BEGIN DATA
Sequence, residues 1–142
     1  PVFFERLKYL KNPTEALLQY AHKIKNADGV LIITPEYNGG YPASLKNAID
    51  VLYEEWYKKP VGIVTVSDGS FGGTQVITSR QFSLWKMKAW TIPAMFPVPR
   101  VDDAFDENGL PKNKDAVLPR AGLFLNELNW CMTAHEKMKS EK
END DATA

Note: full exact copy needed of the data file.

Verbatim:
Sequence, residues 1–142
     1  PVFFERLKYL KNPTEALLQY AHKIKNADGV LIITPEYNGG YPASLKNAID
    51  VLYEEWYKKP VGIVTVSDGS FGGTQVITSR QFSLWKMKAW TIPAMFPVPR
   101  VDDAFDENGL PKNKDAVLPR AGLFLNELNW CMTAHEKMKS EK